It said schools could choose the best bus company to work with based on multiple factors if the government lifts the restrictions on the use of the motor vehicles based on their age.
The factors could include the records of the bus company’s drivers, its buses used to carry children and its management of operations, it said.
SPEEDING ELETRIC VEHICLES: Available without license requirements, the low-cost vehicles, especially if illicitly modified, can often reach a dangerous speed The government should crack down on illegal electric bicycles and scooters, the non-profit Consumers’ Foundation said on Friday, citing research on the potentially dangerous speed of the vehicles. Electric bicycles and lightweight electric scooters have gained popularity as they do not require registration and riders do not need licenses, the foundation said, adding that as many as 40 percent of them can reach speeds exceeding the legal limit of 25kph for non-licensed two-wheelers. Some consumers also purchased legal electric vehicles and modified them to reach higher speeds, it said. “If the government does not step up efforts to confiscate these
‘RELIABLE PARTNER’: US Secretary of Health and Human Services Alex Azar praised the ‘Taiwan model,’ saying that the nation brought its spirit to its COVID-19 response The first memorandum of understanding (MOU) on health cooperation between the Ministry of Health and Welfare and the US Department of Health and Human Services was yesterday signed at the Centers for Disease Control in Taipei. The memorandum was signed between the American Institute in Taiwan (AIT) and the Taipei Economic and Cultural Representative Office in the US, by AIT Director Brent Christensen and Taiwan Council for US Affairs Chairperson Jen-ni Yang (楊珍妮). US Secretary of Health and Human Services Alex Azar and Minister of Health and Welfare Chen Shih-chung (陳時中) witnessed the signing of the memorandum, designed to enhance the nations’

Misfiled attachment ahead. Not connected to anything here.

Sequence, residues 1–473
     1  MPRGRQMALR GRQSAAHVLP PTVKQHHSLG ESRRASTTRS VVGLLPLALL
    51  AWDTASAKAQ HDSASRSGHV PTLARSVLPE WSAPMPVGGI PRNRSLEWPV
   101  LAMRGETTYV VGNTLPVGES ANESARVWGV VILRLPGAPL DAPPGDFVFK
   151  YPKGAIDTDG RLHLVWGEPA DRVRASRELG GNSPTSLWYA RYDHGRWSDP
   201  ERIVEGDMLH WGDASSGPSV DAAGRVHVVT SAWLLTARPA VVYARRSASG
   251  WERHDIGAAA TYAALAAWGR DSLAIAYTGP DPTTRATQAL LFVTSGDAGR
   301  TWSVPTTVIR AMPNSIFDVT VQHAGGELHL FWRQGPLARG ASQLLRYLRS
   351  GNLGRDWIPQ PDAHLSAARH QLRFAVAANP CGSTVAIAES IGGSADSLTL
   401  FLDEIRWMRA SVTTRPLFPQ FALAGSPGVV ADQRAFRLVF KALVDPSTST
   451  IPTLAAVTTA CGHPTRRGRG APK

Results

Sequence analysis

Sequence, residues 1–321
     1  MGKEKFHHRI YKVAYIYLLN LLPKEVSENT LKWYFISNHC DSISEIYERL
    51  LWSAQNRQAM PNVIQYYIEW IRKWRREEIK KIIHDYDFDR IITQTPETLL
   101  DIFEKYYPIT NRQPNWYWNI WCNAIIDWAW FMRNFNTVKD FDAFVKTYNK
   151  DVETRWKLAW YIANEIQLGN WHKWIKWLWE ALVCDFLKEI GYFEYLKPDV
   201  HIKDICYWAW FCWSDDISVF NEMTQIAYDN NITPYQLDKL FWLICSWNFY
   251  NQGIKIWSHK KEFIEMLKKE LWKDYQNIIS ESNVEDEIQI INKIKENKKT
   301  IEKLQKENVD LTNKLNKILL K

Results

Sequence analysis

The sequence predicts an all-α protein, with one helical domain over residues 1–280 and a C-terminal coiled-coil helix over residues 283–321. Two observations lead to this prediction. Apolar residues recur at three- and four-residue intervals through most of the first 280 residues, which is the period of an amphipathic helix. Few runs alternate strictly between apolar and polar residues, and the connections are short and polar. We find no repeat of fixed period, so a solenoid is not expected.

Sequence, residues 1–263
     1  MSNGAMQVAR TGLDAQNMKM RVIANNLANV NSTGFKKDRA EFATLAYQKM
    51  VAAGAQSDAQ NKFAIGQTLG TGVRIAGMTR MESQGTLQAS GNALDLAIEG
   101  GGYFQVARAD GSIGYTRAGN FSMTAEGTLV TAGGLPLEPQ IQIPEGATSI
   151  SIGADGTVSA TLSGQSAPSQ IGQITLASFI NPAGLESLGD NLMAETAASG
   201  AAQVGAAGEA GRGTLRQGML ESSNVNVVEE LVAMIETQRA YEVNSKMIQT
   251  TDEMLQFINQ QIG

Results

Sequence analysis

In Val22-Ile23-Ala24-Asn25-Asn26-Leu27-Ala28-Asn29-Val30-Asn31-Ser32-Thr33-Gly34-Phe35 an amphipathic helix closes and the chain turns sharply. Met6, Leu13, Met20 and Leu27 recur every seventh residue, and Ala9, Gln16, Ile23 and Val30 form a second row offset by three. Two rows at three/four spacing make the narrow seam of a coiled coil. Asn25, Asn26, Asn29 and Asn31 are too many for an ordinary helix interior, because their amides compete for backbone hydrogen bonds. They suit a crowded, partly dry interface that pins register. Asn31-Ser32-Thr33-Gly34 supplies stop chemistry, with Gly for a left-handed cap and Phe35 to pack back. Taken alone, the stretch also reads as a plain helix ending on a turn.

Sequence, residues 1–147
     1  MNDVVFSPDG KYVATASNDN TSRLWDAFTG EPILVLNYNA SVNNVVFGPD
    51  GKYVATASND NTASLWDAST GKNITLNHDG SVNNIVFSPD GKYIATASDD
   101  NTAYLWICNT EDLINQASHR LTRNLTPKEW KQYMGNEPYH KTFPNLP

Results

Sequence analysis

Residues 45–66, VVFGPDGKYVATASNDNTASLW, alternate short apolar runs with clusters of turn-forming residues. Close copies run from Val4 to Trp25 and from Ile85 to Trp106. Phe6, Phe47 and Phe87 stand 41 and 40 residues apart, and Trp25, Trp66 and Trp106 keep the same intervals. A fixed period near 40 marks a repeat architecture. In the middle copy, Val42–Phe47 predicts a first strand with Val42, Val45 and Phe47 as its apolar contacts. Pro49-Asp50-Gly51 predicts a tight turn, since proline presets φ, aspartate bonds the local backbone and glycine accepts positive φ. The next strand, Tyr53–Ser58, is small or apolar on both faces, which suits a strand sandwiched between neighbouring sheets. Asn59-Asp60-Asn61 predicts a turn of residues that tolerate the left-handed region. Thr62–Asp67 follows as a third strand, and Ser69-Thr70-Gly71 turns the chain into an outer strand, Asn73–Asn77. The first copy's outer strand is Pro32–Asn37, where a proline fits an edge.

Minister of Foreign Affairs Joseph Wu (吳釗燮) yesterday tweeted a welcome to Somaliland’s first representative to Taiwan, Mohamed Omar Hagi Mohamoud, who arrived on Friday. Mohamoud had “braved Chinese pressure” to take up his new post, Wu wrote. “The fact ‘sovereignty & friendship aren’t for sale’ deserves international recognition,” referring to a Somaliland media report earlier this month that Somaliland President Muse Bihi Abdi had rejected an offer by the Chinese government in exchange for ending its rapprochement with Taiwan. Wu also thanked the US National Security Council (NSC) for praising Taiwan-Somaliland ties. A council tweet on July 10 praised Taiwan
The Taipei City Government yesterday said that construction on the long-suspended Taipei Dome can resume immediately, after it approved a request by the project’s main contractor, Farglory Group. In a statement, the Taipei Construction Management Office said that after it on July 16 issued a new building permit, Farglory submitted revised design plans and an application to resume construction, which the office approved on Friday. Construction had been suspended on the dome, near the Sun Yat-sen Memorial Hall in Xinyi District (信義), for more than five years due to disagreements between the city and the company over the safety of some of